Your Time Is Sacred
This week I've been thinking a lot about time. How much I have of it. How much I feel like I don't. How sometimes I feel like I'm wasting it. And how much I feel like I'm not going anywhere as each day passes. It's been a struggle. Time moves too fast when you don't want it too, but too slow when you do. Except it's not. It's all relative, right?
Even so, I've been thinking a lot about what I want to accomplish in a day versus the time I actually have to complete such tasks to see how exactly I am maximizing my time versus wasting it.
In regards to maximizing my time, I've noticed I get more done when I've planned my day. Usually I get an idea of what my day is like the night before, and I try to eliminate as many decisions I have to make in order to free up my mind for my creative pursuits. This meant, I pack my gym bag, my breakfast and lunch, and what I'm going to wear the night before. This saves me the time it would take for me to be indecisive as well as gets me going in the morning with a purpose. At work, I leave a pile of the things on my desk I need to get done in an order of priority, before I even navigate my inbox so that I don't fall behind.
But the thing is, I don't do that with writing. I track what I've accomplished, and I have revision notes, but I don't plan my writing sessions like I do my work block or my gym time. My goals are too vague. Hit 40K by this date, etc. I could hit it, but if this 40K was as crappy as my last 40K, I've accomplished NOTHING. As I hit another wall, I realized that this was my hang up lately: I was wasting time aimlessly figuring out what I needed to do next. This always happens in the thick of the story--the dreaded middle. It's like the saying right? If you don't have a plan, prepare to fail. I'd been too vague with my revision notes. I needed to directly point out how I could fix a scene or chapter by hitting this, this, and this in my writing session. BLAH. Can I just say it sucks when you feel like you're wasting time?
Speaking of wasting time, here are some other things I noticed that sucked up valuable time. Social Media. I read an interesting article about millennials and instant gratification, and how it affects our ability to empathize or socialize, and I'm like, wow. That's kind of true. Like instead of keeping up with friends, I'll just check out their insta or twitter, and it fulfills the need of me 'catching up' with their lives without the actual social interaction. That's great and all, but it shouldn't be a substitution. Then when it comes time to actually interact, everything feels redundant because I already saw it unfold online. I'm not saying social media is bad. I mean, I use it as well to connect, especially since moving out of state, but it's not a necessity. And limiting my time on it, actually makes me feel better. It actually makes me look forward to spending time with friends or family and fully being present in the moment.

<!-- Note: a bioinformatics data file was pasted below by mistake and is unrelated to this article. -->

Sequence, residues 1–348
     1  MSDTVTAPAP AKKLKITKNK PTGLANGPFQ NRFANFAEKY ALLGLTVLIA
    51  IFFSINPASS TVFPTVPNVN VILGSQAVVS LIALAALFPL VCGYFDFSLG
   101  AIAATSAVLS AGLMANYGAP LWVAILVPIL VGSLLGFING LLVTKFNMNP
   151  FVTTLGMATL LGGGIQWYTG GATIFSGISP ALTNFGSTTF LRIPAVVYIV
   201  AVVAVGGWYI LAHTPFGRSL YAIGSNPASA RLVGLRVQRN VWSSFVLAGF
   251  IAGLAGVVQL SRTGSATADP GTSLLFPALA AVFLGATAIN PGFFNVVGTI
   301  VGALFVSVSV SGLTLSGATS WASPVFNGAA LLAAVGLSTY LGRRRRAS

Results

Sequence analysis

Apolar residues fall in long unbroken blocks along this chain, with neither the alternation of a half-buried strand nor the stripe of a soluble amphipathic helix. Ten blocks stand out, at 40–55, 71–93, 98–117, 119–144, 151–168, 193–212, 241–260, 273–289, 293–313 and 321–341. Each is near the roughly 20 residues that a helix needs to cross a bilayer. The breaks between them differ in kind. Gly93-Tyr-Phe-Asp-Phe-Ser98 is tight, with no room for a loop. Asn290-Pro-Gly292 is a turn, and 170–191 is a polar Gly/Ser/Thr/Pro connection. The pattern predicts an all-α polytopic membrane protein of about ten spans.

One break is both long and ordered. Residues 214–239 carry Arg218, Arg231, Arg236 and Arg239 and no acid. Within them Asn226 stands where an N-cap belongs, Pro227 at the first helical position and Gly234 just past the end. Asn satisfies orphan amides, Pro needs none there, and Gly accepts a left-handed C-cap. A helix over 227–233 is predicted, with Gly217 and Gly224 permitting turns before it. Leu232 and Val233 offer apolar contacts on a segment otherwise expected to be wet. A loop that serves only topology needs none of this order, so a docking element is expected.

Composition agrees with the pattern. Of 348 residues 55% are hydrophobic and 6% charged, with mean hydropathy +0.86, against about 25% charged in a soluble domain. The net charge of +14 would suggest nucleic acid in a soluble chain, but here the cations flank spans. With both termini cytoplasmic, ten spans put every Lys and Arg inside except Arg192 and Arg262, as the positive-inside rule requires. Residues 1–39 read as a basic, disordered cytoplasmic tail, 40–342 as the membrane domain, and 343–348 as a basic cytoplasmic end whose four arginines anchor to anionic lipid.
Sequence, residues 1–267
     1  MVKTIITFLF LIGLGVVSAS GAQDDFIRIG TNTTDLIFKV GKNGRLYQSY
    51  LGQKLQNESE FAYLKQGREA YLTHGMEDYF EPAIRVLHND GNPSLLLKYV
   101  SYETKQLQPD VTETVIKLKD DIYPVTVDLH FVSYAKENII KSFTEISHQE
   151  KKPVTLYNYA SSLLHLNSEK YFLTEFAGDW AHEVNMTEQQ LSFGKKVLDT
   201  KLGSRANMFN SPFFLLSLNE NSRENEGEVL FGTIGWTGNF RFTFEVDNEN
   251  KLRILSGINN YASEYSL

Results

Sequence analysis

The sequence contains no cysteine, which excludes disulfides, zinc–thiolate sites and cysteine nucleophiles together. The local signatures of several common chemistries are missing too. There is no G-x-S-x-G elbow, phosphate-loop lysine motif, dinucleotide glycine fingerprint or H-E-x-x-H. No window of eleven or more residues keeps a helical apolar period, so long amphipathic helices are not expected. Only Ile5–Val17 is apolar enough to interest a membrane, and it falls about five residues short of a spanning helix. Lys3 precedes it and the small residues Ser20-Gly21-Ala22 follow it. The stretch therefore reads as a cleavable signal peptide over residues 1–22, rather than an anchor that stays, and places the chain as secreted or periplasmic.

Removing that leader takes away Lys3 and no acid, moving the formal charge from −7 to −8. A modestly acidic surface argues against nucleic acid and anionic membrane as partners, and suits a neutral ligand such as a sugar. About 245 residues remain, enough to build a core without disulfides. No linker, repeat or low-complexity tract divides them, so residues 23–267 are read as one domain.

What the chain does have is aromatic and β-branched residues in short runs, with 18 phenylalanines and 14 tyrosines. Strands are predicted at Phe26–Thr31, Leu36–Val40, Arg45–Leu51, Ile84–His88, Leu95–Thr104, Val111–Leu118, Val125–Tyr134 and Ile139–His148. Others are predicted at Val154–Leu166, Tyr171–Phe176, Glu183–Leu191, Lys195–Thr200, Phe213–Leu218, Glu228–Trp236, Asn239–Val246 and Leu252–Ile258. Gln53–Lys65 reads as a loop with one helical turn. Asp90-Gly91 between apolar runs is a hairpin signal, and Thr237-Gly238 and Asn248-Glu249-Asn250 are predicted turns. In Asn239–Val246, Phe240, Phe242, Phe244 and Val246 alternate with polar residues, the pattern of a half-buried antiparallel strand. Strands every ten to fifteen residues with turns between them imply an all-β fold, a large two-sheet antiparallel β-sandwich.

So yeah, social media is a huge time waster when it does not serve you any purpose. Also, it's distracting as hell when I'm trying to get stuff done. I'm on it still, but I cut down my time on it a lot.
Another big time waster? Negative emotions. Our actions and behaviors are based on our emotions. So as I mentioned this month, I've been dealing with a hormonal imbalance, and the side-effects have really messed with me psychologically. I'm not happy when I have reason to be, I feel sick, when I know I'm not. I get really critical of myself when what's happening inside of me is out of my control. All of this negative emotion then festers in me until I throw my hands up in the air and curl up in a fetal position. My symptoms make no logical sense to me when they are controlled by imbalanced hormones, but accompanying them are the negative emotions which feel like ankle weights, pulling and drowning me into a hazy cloud that makes it hard to think straight. It's exhausting, and it wastes a lot of time being upset at myself for it. So what I've started to do is daily journaling. I let out the negative, and by writing it out and dealing with it, I can move on or ride it out. Acknowledge, accept, move on or ride it out. That's all I can really do, and pretending otherwise is nothing but detrimental to my productivity.
This was a longer and more rant-like post than I intended, BUT I hope it makes you think a lot about how you spend your time. After all, your time is sacred. Fill it with what makes you happy and makes your day--and life--better. Fill it with love, the people who mean the most to you, creativity, and anything that brings you joy or benefits your mental or physical health.